Thursday, October 22, 2009, 01:30 pm PT (04:30 pm ET)
Psystar sells $50 software hack to run Snow Leopard on PCsMac cloner and enduring litigant Psystar has rolled out a new $50 application that will allow certain Intel-powered PCs to run Mac OS X.
The Florida-based company announced Thursday that any PC with an Intel Core 2 Duo, Core 2 Quad, i7 or Xeon Nehalem processor installed can take advantage of its Rebel EFI software hack to run Mac OS X 10.6 Snow Leopard.
The "Rebel" hack is likely to get the company in even more hot water as an ongoing legal battle with Apple continues over Psystar's unauthorized computers that ship with Mac OS X preinstalled. Psystar and Apple have been embroiled in a legal controversy over Mac OS X usage since July 2008.
Thursday's announcement signals another frontier for the bold company beyond selling Mac-booting hardware. Psystar's website includes 38 steps of instructions for installing Mac OS X with its new Rebel EFI tool, with one part of the process that takes 13 separate steps to complete.
"Featuring Psystar's newest technology for allowing for the smooth interfacing between operating systems and generic Intel hardware," the product description reads, "Rebel EFI allows for the easy installation of multiple operating systems on a single system."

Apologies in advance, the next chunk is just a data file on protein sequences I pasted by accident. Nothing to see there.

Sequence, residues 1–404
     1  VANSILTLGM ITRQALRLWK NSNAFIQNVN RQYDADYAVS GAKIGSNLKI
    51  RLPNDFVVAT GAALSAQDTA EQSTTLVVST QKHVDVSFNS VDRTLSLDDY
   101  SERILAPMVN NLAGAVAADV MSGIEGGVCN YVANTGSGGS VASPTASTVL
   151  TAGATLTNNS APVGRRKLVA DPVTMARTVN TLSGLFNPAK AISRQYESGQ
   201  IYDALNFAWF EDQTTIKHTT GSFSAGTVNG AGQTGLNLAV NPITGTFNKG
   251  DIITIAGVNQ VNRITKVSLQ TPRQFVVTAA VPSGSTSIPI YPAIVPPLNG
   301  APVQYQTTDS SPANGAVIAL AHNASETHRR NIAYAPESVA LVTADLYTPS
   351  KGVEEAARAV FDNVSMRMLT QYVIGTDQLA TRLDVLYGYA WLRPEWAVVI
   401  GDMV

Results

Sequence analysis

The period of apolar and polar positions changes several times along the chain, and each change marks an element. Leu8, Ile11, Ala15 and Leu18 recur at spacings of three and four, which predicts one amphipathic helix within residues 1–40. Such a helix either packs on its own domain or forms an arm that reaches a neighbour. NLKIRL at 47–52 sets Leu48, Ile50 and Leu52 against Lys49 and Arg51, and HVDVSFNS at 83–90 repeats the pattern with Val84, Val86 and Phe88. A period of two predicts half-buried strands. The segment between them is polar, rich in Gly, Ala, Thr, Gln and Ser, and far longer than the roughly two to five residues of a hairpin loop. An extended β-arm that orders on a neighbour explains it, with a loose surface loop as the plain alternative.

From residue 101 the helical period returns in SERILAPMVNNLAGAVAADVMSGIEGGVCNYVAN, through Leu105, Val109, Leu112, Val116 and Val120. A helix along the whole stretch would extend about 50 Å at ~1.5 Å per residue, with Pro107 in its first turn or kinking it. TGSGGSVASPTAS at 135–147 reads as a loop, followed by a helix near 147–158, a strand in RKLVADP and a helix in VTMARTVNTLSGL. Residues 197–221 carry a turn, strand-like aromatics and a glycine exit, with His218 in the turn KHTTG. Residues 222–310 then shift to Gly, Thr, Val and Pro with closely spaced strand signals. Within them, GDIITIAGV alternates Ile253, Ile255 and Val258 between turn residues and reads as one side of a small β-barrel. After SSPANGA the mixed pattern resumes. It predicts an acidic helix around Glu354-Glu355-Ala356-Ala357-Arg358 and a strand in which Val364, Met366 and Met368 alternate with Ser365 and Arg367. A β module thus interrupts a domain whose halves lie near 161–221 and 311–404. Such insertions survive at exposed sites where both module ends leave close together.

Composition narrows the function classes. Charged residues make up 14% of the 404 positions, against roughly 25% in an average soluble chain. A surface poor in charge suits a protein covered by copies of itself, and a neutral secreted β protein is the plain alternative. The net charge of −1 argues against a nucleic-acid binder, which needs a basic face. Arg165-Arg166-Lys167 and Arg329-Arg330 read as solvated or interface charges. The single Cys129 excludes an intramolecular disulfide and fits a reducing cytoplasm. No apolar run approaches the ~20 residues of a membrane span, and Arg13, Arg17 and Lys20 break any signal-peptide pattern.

The software is priced at $89.99 at The Psystar Store, but is currently listed with a "special" $40 discount. The company offers it free to try, but with limited hardware functionality and a two-hour runtime. Rebel EFI also runs a hardware scan (seen below).
"The authenticated version allows for the permanent installtion [sic] of these OS's on your system, as well as providing the [Darwin Universal Boot Loader], supported hardware profile features and related drivers, and support for the application," Psystar's site states.
Earlier this month, Apple and Psystar both requested summary judgment in an attempt to head off a January trial. That news came shortly after Psystar announced it will sell Snow Leopard virtualization technology to third-parties — the same technology included in the consumer-targeted Rebel EFI.
Apple has yet to comment on the latest development in this ongoing saga.
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